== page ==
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According to early research findings, people of color are the likeliest to develop long COVID, National Heart, Lung, and Blood Institute director Dr. Gary Gibbons said on Tuesday.
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“We’re seeing trends toward who’s most affected, and again, it’s identifying people of color – African Americans, Latinos as a high prevalence group developing long COVID,” Gibbons said during a hearing of the Senate Appropriations Committee.
WATCH: Who is most likely to suffer from long COVID?
Gibbons said there were indications that the severity of a case of COVID also affected the likelihood of the chances of getting long COVID.
He added that there were also signs that vaccination increased the chance of avoiding long COVID.
“It’s already starting to show preliminary evidence that’s suggestive of potentially the ability of vaccination to prevent the development of long COVID,” Gibbons said.
According to the National Institute of Health, long COVID is marked by “wide-ranging symptoms, including shortness of breath, fatigue, fever, headaches, “brain fog” and other neurological problems.”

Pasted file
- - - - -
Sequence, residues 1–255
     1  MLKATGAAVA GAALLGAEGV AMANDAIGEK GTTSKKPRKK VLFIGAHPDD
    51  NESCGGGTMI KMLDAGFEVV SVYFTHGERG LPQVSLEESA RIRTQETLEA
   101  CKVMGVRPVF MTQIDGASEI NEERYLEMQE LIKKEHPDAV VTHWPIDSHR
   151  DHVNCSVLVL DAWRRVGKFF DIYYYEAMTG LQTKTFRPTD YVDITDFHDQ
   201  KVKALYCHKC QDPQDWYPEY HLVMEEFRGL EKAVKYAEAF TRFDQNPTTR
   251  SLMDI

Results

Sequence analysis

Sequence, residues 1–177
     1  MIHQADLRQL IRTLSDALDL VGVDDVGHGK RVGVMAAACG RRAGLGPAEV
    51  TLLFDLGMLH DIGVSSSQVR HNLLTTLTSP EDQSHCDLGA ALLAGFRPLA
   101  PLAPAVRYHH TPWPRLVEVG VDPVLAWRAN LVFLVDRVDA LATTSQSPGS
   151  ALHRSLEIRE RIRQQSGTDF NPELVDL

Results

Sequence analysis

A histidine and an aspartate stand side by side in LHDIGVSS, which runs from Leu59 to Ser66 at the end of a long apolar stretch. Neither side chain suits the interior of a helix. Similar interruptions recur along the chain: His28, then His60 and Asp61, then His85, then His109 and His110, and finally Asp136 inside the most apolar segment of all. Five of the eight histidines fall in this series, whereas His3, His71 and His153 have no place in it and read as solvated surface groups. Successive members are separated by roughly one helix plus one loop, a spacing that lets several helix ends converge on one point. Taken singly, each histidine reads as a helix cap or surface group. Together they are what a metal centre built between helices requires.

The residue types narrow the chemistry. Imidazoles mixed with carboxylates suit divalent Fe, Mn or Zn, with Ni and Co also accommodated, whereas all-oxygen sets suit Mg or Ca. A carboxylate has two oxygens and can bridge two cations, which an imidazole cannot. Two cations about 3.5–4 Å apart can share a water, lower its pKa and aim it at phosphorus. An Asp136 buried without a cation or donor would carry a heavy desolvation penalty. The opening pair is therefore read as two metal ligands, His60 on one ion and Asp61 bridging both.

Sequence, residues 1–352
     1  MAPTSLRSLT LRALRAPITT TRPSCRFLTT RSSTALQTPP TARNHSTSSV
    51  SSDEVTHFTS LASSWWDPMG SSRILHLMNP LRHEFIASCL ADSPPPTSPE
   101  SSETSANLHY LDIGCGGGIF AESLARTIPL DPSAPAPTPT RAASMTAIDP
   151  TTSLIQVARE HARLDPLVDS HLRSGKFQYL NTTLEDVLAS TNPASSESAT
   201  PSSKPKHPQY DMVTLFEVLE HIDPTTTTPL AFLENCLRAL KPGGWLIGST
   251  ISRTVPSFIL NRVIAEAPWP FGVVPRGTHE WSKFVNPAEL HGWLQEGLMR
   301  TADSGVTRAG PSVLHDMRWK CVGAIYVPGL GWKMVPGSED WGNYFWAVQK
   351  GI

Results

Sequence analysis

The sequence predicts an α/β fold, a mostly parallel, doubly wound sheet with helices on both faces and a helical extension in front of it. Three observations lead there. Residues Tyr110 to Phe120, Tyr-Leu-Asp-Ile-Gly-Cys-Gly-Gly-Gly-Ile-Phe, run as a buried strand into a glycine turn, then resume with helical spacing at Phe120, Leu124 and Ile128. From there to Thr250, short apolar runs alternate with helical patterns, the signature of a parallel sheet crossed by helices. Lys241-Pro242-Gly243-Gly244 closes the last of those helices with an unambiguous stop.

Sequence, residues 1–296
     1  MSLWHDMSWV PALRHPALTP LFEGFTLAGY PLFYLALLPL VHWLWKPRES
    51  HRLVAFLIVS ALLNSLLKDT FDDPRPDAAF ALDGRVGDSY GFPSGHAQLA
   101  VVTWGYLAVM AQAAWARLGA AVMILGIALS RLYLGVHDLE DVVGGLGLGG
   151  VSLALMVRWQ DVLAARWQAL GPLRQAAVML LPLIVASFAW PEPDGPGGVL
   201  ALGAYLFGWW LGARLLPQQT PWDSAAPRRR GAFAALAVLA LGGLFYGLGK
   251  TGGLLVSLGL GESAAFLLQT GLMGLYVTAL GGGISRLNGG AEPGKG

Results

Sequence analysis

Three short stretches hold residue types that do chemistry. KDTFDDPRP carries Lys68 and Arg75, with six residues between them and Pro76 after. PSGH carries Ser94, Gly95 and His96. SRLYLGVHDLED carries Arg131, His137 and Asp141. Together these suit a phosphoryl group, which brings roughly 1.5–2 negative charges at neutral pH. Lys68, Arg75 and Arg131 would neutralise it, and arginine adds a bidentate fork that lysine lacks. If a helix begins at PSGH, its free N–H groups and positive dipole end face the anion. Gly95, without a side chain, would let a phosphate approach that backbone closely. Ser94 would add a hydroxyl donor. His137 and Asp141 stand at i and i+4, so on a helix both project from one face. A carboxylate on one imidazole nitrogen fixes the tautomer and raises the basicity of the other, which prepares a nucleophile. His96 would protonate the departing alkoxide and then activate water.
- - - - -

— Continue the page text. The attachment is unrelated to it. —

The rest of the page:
Symptoms of long COVID can last for months after the first COVID-19 diagnosis.
Last month, President Joe Biden ordered a new national research push on long COVID, while also directing federal agencies to support patients dealing with the somewhat mysterious and often debilitating condition.
The White House in April said Biden is assigning the Department of Health and Human Services to coordinate an urgent new initiative across federal agencies, building on research already under way at the National Institutes of Health.
Biden also directed federal agencies to support patients and doctors by providing science-based best practices for treating long COVID, maintaining access to insurance coverage, and protecting the rights of workers as they try to return to jobs while coping with the uncertainties of the illness.
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